Third album in and Australian skate punksters, The Decline, continue to offer contagion fuelled stomps that simply rouse up the spirit. Resister is packed to the rafters with imagination crafted and wholly magnetic propositions, tracks which only want to offer a good time whilst uncaging a lyrical substance easy to get involved with. Pop/skate punk boundaries are certainly not worried too forcibly by the thirteen track adventure but any resistance to its unstoppable virulence is swiftly dead in its invigorating waters.

Formed in 2006, the Perth hailing quartet made its first strong attention grabbing mark with debut album I’m Not Gonna Lie to You in 2010, an encounter straight away pushing the band towards international awareness. Its acclaimed successor of the following year, Are You Going To Eat That, helped spark the opportunity for The Decline to undertake a headlining tour of Europe as well as a Japanese tour with Israeli pop-punkers Useless ID and So-Cal 90’s super band Implants. Across the years the band has continued to share stages with the likes of Descendents, Unwritten Law, Frenzal Rhomb, Propagandhi, Bodyjar, Bouncing Souls, Anti-Flag, Lagwagon, No Use For A Name, No Fun At All, Guttermouth, and The Flatliners, they amongst a great many others. 2014 saw the release of the crowd-funded Can I Borrow A Feeling EP as well as another hectic tour schedule whilst after a line-up shuffle earlier this year, The Decline set about recording Resister, its immediate unveiling coming just before the band hits the festivals Punk Rock Holiday in Slovenia, Munich’s Free and Easy Fest, and Rebellion, the latter one part of a UK tour running through August. With further global shows in the offing too, Resister provides the most potent incentive to check the band out and make this a summer of insatiable romping.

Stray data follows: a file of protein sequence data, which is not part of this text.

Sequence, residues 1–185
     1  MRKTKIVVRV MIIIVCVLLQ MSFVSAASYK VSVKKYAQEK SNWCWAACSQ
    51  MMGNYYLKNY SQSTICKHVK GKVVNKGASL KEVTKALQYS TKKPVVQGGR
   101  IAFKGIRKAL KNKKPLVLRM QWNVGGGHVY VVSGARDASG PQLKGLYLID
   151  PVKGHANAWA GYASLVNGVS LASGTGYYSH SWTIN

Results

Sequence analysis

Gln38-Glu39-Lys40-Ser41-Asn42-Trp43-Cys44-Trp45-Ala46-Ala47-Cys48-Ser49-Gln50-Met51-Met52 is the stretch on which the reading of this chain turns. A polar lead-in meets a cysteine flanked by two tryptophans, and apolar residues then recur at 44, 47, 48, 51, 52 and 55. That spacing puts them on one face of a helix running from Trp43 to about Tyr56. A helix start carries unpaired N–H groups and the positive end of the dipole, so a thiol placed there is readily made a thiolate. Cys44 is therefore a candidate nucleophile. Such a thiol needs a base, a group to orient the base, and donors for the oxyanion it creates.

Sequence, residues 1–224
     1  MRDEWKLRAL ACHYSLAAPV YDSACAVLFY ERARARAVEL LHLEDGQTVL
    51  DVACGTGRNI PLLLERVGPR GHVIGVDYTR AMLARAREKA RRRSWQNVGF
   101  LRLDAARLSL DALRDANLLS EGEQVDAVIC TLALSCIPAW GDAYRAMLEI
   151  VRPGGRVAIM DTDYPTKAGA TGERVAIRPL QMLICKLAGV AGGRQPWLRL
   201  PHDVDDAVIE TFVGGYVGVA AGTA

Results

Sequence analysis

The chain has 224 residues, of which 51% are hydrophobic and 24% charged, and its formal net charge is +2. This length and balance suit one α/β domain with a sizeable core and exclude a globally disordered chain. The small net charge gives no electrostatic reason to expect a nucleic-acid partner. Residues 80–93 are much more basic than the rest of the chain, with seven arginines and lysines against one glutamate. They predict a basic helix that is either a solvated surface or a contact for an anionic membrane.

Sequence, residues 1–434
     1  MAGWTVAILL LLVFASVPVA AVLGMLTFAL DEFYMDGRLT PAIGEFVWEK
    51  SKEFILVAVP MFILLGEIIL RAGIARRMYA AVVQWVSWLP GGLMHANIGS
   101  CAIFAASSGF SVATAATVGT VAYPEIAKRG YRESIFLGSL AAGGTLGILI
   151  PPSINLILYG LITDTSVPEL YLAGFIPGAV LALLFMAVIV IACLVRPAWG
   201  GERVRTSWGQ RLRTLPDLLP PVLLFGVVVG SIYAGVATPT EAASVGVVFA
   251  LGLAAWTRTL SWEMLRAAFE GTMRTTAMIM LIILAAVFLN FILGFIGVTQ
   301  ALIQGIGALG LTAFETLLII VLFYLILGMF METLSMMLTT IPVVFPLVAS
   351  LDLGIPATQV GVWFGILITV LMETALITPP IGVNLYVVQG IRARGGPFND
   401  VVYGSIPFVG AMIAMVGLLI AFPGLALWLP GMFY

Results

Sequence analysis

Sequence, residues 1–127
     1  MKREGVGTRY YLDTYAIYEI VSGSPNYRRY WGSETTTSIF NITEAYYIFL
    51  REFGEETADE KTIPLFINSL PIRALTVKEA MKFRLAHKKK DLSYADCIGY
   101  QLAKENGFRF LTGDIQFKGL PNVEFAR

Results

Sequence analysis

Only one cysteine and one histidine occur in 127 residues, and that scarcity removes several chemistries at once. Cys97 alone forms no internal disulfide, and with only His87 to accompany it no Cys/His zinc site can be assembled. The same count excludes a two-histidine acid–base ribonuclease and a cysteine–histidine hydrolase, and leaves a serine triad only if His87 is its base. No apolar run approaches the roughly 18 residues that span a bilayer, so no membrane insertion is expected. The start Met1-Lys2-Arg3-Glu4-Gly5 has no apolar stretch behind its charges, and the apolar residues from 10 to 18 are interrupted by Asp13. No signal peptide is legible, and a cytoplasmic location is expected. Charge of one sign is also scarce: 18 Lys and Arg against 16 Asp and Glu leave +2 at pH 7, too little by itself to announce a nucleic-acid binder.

Resister Artwork_RingMaster ReviewThe release opens with New Again, a short, punchy encounter which quickly sets the creative scene for the album. Jangling melodies flirt with muscular rhythms whilst the potent vocals of guitarists Pat Decline and Ben Elliott unite and entwine across the tenacious start to the album. There are no surprises but plenty of fiercely flavoursome sounds setting up ears and appetite for the following Giving Up is a Gateway Drug, the first single from Resister. With the thumping beats of Harry steering the song into view, his drums a blur of activity, the song twists and turns with emotion and energy. Every second is a tempestuous and easy persuasion for ears, vocals again slightly outshining the sounds, but all aspects crafted with inventive and unpredictable elements.